SQL Sync is a feature of Azure SQL which sychronises a database or select tables and columns on a schedule from the source to a HUB database which could be in Azure or on-premise. SQL Sync does not synchronise transactions.

SQL geo-replication allows recovery of a database to another Azure region. Standard tier provides an offline secondary, Premium tier provides up to 4 readable backups.

Web Apps allow a single backup of websites per day, Premium allows up to 50 backups per day. Web App backups will save Web App files, associated database, log files from the website and WebJobs. With Free and Basic FTP(S) or a GIT Clone URL can be used as an alternative.

When designing the data tier it is important to consider the data storage type and scaling of the data:

  • Use of relational (RDBMS) e.g. SQL or non-relational database (e.g. Azure Table Storage, DocumentDB)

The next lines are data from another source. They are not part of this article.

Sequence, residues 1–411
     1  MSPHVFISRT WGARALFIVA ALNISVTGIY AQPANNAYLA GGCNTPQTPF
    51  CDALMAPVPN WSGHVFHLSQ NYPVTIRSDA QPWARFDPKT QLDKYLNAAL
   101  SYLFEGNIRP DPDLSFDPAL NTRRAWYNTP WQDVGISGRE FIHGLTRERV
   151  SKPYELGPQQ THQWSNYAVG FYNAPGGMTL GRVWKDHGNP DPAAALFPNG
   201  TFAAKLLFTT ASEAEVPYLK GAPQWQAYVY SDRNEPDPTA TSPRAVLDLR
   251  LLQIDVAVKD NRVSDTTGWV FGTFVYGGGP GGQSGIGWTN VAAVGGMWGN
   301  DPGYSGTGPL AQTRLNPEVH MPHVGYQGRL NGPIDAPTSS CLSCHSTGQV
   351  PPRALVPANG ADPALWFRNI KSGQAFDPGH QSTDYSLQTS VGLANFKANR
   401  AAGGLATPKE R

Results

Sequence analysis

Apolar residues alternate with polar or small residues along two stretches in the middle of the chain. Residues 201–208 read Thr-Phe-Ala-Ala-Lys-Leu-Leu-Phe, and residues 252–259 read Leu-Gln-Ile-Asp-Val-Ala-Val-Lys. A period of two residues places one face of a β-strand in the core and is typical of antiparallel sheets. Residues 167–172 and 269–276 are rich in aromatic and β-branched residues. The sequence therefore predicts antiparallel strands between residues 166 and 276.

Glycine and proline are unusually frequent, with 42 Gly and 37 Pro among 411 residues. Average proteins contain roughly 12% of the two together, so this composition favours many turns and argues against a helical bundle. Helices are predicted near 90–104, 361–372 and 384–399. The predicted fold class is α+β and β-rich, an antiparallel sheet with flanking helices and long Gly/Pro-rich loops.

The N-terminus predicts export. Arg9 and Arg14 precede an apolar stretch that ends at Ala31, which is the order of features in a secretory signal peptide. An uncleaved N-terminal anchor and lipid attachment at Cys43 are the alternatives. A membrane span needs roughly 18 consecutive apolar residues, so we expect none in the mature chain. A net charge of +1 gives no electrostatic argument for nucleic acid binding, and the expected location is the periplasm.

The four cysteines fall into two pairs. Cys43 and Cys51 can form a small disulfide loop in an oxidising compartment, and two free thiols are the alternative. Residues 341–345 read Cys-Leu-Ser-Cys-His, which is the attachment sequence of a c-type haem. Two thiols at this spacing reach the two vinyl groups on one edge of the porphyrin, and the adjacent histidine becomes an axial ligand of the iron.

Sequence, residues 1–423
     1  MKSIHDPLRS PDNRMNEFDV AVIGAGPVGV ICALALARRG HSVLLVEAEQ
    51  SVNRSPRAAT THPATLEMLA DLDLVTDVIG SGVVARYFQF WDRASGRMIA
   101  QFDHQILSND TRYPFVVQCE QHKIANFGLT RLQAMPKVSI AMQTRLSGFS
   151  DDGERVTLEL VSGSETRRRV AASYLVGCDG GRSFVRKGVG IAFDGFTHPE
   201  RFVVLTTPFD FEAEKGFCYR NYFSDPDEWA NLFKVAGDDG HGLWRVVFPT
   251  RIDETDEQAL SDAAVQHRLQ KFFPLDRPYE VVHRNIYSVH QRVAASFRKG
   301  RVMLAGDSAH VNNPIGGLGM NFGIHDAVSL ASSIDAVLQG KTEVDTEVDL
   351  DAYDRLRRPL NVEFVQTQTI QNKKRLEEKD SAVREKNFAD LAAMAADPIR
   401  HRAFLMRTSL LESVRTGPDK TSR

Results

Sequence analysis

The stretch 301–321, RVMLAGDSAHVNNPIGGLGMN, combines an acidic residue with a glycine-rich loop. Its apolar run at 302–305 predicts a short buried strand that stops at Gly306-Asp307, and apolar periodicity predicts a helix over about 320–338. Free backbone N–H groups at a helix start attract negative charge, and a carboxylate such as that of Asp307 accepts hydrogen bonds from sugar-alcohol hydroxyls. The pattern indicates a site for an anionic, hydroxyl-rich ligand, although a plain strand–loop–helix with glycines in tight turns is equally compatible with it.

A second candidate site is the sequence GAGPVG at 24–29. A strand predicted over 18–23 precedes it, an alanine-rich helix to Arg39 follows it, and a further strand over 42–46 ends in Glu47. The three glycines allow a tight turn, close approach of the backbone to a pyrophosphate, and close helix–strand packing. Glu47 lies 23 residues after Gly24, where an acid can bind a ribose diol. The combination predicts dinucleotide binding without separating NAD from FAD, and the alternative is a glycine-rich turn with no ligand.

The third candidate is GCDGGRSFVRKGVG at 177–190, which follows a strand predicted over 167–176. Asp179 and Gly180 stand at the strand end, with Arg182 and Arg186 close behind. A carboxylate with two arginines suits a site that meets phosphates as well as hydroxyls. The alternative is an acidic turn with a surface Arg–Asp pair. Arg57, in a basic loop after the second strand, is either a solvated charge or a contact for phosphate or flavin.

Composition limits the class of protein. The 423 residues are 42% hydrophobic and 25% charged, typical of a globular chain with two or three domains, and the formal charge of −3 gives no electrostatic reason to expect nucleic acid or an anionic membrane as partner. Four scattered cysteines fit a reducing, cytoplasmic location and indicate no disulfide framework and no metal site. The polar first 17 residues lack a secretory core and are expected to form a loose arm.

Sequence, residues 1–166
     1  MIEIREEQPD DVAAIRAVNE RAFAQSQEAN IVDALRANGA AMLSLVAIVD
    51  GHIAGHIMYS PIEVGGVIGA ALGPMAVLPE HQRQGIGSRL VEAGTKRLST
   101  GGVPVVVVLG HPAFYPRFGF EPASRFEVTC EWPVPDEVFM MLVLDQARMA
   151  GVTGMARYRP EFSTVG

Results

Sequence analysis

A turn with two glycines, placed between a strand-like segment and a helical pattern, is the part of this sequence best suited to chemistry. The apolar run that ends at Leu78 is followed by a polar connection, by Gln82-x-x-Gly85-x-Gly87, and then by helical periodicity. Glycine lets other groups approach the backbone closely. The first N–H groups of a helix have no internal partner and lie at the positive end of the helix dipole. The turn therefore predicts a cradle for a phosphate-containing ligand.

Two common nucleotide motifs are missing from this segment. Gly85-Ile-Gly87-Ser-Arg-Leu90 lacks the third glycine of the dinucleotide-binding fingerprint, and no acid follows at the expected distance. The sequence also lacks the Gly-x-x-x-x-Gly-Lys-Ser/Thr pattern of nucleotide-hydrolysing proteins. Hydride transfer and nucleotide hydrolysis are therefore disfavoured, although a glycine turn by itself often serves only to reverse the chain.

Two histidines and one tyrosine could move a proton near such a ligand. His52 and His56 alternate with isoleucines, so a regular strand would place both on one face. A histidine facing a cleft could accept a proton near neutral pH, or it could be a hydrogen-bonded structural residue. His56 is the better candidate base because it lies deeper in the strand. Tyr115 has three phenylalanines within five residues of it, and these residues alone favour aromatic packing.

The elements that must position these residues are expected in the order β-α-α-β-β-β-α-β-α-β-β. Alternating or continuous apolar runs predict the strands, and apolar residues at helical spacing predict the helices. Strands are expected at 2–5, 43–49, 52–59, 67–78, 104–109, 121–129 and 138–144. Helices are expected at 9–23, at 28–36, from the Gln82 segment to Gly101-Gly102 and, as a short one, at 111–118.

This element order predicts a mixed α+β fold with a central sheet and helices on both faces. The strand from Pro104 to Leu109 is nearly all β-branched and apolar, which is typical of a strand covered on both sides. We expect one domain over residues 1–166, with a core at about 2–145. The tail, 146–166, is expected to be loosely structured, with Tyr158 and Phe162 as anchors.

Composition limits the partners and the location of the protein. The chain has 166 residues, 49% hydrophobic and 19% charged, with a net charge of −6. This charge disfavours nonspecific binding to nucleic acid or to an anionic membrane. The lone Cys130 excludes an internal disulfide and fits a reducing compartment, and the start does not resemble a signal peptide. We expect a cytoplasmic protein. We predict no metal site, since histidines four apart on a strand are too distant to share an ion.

• Scale, size of database supported
  • Normalization of data vs. performance of too many linked tables
  • Backup of historic data to reduce security exposure and database size

Deploy websites

Several methods exist for deploying Azure websites: 

Azure site extensions can be deployed to add custom administrator functionality to your website.Site Control Manager can be setup to manage sites and extensions.

Web deployment packages can be created in Visual Studio and allow quick deployment of websites:

  • .zip file contains all files for deployment including:
    • .cmd file to customise IIS installation
    • .xml files to specify site parameters